Nicholas Simpson, Hannah Ludwig and Simone McIntosh
Jakob Lehmann and Lucy Tucker Yates
(photos by Steve Pisano)
An excellent evening comprises, entertainment, education, and enlightenment. That's a lot of alliteration! We have spent many evenings enjoying opera and have watched them evaporate from our consciousness by the next day. So many operas seem to be churned out like sausages. Well, how about an opera that involved probably a year of preparation to be seen only once? Should we consider that a rare privilege to have seen and heard it or a tragedy that it may never be repeated?
Teatro Nuovo, helmed by Will Crutchfield, is the only opera company in the world dedicated to historically informed performance of Italian music from the Bel Canto period (our favorite). What this means might have been gleaned by visual observation and a refined ear. In this case, it was described in the program and, even better, illuminated in a pre-opera lecture for which "standing room only" seemed a small price to pay.
As well as being Artistic Director, Maestro.Crutchfield is an exemplary lecturer, illustrating his points at the piano. We feel that what we learned about Gioachino Rossini, composer of the opera we were about to see, Maometto Secondo, added enormously to our fund of knowledge and appreciation. Let us give but one small example that tickled us. As complex as Rossini's music sounds, he made use of the same chord progression as is used in rock and roll! Once Mo. Crutchfield illustrated this on the piano we were astonished. It is his unique rhythmic variations that make Rossini's music sound complex, along with the decorations of the vocal line which (news to us!) were copied by the master from the singers themselves. We could go on and on but less us get to the experience itself.
Upon arriving at the Rose Theater, the first thing we noticed was that the orchestra was on the same level as the audience. Then we noticed the double basses which were split up, two to each side, and raised a bit above the rest of the orchestra. There was no conductor at the podium. As was the custom in that period, all the musicians could see each other and were led by the primo violino (in this case the marvelous Jakob Lehmann). Equally prominent was Lucy Tucker Yates, maestro al cembalo (harpsichord).
We soon noticed the beauty (visual and aural) of the instruments. The woodwinds were wood and the brass had no valves. And what was that exotic instrument in the brass section? Unlike any instrument we had seen heretofore, it is called the serpentone and its player Barry Bocaner allowed us a closer look during intermission.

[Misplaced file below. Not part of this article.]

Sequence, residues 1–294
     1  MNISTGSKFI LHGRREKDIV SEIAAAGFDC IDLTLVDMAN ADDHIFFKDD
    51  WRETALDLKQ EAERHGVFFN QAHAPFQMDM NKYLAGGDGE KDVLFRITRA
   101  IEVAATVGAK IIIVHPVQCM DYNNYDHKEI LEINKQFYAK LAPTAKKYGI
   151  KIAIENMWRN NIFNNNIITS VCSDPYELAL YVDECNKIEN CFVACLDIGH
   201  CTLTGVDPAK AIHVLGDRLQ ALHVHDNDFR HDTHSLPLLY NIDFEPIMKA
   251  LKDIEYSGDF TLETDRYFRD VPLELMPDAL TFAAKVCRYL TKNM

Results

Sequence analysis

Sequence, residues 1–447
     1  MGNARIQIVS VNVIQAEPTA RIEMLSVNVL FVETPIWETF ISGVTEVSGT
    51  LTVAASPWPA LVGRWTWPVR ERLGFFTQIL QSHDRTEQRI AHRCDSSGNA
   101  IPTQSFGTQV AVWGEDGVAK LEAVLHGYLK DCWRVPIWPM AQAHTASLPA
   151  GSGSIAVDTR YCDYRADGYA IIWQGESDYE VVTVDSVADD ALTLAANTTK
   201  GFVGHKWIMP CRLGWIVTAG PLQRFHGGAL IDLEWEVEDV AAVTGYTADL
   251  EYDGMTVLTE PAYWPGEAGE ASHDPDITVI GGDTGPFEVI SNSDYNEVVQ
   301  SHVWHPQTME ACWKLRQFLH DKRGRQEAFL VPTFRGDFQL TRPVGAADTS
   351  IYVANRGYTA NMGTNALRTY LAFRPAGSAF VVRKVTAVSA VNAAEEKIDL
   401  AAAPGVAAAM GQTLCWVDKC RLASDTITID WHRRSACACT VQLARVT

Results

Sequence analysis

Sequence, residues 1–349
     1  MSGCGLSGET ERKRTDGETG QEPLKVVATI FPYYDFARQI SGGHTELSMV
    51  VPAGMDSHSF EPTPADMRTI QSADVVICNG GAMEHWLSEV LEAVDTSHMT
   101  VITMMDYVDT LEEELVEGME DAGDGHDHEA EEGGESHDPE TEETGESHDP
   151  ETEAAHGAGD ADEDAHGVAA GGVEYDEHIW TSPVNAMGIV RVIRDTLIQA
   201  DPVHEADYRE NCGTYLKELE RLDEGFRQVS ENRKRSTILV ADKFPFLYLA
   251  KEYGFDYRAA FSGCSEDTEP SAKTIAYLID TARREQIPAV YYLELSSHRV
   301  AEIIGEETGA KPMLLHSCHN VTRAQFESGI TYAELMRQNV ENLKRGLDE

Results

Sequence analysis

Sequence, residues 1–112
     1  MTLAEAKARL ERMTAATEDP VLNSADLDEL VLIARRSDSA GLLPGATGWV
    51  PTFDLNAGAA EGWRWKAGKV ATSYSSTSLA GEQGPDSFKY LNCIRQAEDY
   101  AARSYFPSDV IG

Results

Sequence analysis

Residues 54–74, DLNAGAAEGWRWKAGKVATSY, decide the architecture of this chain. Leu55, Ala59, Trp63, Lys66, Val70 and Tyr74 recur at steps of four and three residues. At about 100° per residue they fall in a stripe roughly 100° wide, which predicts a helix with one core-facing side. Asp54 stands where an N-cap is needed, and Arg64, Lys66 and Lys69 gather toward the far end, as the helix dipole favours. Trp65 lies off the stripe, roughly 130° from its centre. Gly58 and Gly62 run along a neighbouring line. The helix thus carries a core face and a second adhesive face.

In this performance we experienced the orchestra as a character in the story, not just a support for the singers. The clarinet, played by Thomas Carroll, was given some memorable melodies woven through the texture of the music. Instead of feeling swept away by an ocean of music, we felt drawn into a fascinating fabric of harmonious threads.
The libretto by Cesare della Valle told the simple story well. The 15th c.Venetians were defending their territory from attack by the armies of Sultan Mehmed II; the romance of the opera was added on, as dictated by convention. The daughter of the Venetian Governor Paolo Erisso had fallen in love with the Sultan who had previously wooed her under false pretenses. She cannot forgive his deceit; this will not end happily.
The glorious music held our interest throughout. There were only a couple pauses for applause since the music was continuous, rather than being presented as separate numbers. One could say that Rossini's late style had an influence on Richard Wagner. Another unusual convention presented itself. This was the first time we witnessed an onstage band (including a snare drum and a bass drum) except for the Act I serenade in Rossini's Il barbieri di Siviglia.
By this time, dear reader, you must be wondering about the voices. Whoever cast the roles made some fine choices. Rossini wrote the part of the daughter Anna and the part of Calbo (the loyal general chosen by Erisso to marry and defend Anna) within the same range. Here, both roles were given to mezzo-sopranos. One could not imagine two more different voices--each beautiful in its own way, giving duets a special quality. Simone McIntosh possesses a crystalline tone in her upper extension and Hanna Ludwig has a depth and breadth of tone that borders on contralto. Not only did they make incredible music together but Ms. McIntosh had a duet with the harp, played by Chelsea Lane, that was as remarkable as Lucia's duet with the glass harmonica.
Nicholas Simpson's tenor was strong but unforced, musical in its phrasing; his very tall appearance added to the illusion that Anna was his child. As Maometto the conqueror, baritone Scott Purcell was suitably arrogant and vindictive; his voice had the interesting texture of corduroy.
If we have nothing further to say about the voices, it is for want of space. Let us just say that the singing was flawless on all counts and perfectly suited to the bel canto style with all its flourishes and fioritura.
Even the smaller roles were well sung. Tenor Spencer Lawrence Boyd stepped out of the chorus to play Selimo and tenor Toby Bradford stepped out to sing Condulmiero. The chorus was excellent as well. There were a dozen women onstage together but unstaged, and a dozen men also unstaged.
Speaking of which, let us note that the principals did act in a believable fashion, although there were no costumes (just evening dress) and no props. The projected backdrops were drawings of scenes of palaces piazza, and pavilion. Nothing moved. Nothing distracted from the music. We don't have enough space to mention all the excellent chorus members (Mo. Crutchfield also serves as chorus master) and all the musical soloists whose lines interwove with the singers. Let's just say it was a memorable evening all around.
© meche kroop